6. #6
    Retired Defense Industry Engineer jadnashua's Avatar
    Join Date
    Sep 2004
    New England


    On the tiles that popped off, is the stuff behind it soft or hard? If it is soft, then they used mastic, not thinset to put up the tile. Mastic should NOT be used in showers, and will result in problems for a long time. Did they use greenboard, drywall, or cement board on the walls? If not cement board (cbu) then any water that gets through will cause the greenboard or drywall to swell, and the tile will come off. Moisture will not hurt cbu or the tile, nor the thinset once it all sets up. The cbu should also have had a moisture barrier installed behind it against the studs. That could either be plastic sheeting or roofing felt. The alternative is to put a waterproofing membrane up on top of the cbu, such as RedGard (paint on waterproofing), or Kerdi (sheet material). There are other brands of those products that work well, too.

    Tile can also have poor adhesion if they let it skin over (take too long to put a tile on) before the set the tile on it.

    www.johnbridge.com is a good place to discuss tile. They have more pros skilled in that area than usually frequent here.
    Jim DeBruycker
    Important note - I'm not a pro
    Retired Defense Industry Engineer; Schluter 2.5-day Workshop Completed 2013, 2014

  7. #7

    Default John Bridge


    I made my way over to John Bridge at the above link. Also posted pix. My hubby and I have been trying to learn--seems like the premixed stuff used to set the tile was a poor choice.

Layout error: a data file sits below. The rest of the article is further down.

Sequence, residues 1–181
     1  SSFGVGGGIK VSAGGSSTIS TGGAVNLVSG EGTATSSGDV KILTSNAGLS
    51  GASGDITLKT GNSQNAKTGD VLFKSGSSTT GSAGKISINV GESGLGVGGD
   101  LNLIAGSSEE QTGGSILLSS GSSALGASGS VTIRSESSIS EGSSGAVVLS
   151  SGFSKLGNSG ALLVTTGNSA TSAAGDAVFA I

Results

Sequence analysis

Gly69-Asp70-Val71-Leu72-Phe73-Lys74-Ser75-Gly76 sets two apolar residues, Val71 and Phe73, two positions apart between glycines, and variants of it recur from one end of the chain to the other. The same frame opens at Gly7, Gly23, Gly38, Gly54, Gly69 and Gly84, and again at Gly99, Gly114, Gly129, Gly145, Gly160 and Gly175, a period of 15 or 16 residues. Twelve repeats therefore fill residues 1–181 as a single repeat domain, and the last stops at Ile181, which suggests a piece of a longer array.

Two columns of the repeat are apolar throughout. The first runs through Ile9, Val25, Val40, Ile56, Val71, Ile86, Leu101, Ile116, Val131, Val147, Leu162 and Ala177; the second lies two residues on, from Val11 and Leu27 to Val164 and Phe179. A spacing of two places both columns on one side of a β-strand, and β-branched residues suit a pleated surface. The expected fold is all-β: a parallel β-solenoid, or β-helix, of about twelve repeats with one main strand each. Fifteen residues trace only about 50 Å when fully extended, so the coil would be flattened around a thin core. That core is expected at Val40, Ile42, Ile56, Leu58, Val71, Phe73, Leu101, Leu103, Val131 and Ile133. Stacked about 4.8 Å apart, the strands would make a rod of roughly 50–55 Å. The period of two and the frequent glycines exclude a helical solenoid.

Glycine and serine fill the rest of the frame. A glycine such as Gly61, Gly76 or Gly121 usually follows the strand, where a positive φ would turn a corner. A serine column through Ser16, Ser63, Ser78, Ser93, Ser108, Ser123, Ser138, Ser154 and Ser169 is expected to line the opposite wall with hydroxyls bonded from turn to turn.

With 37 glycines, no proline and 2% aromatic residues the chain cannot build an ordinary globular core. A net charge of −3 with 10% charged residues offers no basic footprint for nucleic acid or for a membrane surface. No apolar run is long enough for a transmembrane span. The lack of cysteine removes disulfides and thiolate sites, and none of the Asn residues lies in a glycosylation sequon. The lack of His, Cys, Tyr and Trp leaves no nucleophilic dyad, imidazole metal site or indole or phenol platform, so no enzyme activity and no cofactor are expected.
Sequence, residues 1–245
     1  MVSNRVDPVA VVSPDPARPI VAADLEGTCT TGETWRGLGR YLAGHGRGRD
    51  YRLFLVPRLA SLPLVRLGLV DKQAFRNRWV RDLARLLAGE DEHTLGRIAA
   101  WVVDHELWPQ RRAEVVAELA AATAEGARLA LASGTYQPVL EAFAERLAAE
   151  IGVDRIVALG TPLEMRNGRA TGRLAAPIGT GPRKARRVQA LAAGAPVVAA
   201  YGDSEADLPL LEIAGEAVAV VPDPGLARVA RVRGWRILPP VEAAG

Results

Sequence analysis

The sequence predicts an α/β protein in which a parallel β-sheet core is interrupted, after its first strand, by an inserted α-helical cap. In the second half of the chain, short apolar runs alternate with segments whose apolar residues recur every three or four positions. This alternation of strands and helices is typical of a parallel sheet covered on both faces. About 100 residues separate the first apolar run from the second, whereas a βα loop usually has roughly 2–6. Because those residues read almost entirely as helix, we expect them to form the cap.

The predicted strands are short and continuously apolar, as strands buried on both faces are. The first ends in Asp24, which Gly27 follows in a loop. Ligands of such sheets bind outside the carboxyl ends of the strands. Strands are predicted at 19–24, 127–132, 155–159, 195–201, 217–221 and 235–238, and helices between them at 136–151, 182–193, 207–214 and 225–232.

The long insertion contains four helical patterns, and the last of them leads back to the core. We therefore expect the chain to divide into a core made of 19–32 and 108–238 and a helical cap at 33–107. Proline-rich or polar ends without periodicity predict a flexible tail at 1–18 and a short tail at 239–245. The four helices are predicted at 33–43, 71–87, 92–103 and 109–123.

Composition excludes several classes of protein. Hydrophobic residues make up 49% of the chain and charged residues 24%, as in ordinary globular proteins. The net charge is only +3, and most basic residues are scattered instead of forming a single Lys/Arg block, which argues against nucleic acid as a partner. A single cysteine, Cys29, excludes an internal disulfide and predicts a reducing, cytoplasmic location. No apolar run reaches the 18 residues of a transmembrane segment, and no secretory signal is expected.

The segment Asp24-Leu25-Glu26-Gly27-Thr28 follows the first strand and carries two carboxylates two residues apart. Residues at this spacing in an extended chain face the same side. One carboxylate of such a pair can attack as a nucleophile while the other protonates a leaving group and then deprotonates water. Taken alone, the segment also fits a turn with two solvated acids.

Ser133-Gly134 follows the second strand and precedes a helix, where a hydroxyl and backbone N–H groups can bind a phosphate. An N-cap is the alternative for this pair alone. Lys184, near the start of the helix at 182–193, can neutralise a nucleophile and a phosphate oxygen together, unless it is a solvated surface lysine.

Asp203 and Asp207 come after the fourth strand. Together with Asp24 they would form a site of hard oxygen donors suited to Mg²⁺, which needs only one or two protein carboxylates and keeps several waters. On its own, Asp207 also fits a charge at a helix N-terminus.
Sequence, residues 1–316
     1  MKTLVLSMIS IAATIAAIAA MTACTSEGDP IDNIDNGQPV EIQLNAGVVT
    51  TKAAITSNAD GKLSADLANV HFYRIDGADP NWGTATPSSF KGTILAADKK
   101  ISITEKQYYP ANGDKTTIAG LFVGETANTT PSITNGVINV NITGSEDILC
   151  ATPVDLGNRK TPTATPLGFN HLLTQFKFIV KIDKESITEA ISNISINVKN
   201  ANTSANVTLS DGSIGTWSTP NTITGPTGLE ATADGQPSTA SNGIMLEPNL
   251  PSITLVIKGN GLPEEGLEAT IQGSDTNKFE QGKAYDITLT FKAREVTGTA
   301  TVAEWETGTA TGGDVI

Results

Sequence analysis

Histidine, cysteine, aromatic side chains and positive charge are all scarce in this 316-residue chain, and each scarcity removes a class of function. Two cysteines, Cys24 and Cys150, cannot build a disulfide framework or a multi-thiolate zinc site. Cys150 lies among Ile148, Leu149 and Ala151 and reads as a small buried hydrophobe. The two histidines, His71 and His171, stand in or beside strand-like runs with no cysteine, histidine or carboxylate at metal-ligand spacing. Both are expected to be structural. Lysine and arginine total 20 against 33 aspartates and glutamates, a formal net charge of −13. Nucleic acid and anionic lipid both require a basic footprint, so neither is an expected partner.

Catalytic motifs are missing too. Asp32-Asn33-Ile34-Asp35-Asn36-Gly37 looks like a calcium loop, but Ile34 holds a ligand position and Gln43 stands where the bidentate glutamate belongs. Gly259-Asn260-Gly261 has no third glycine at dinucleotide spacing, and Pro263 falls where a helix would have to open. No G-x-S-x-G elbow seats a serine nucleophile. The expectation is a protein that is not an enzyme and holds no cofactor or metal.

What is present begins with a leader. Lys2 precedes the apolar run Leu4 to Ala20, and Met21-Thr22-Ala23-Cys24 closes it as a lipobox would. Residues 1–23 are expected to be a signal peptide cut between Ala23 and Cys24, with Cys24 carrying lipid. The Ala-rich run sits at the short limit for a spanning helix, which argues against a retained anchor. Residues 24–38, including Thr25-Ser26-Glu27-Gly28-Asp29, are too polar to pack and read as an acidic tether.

None of the tiles have fully popped off. the damage started shortly (a week or two) after getting back in to that shower. Recently, after the tile dried out a little bit when we were on a vacation, and then we showered, it was very easy to flex a couple of tiles and see the water squeeze out from behind.

    Any recommendations on what i expect the tile guy to do? Should he pay for the new tile? the enclosure reinstall? the hardware reinstall? the tile? Any advice on how to communicate what I expect from him?

    Thanks, Jgv

  8. #8
    Moderator & Master Plumber hj's Avatar
    Join Date
    Aug 2004
    Cave Creek, Arizona

    Default tile

    The smaller the grout line the better, possibly up to the point where the joint is so small that the grout cannot be "pushed" all the way into the joint and just seals the surface. If it was a bad installation, then he should do whatever is necessary to make it a good one, even if that entails tearing everything out and starting over with a cement board foudation for the tile.

  9. #9

    Default negotiating with the tile guy

    How would a novice (me) convince the tile guy that a couple tiles pulling away and some grout flaking would require a tear out? I am assuming that because of the amount of work required and the pride involved that he would think/believe/hope that some repair would solve the problem. And possible a repair would work--for a while--which isn't good enough considering the $ involved.

    I so appreciate your assistance, jgv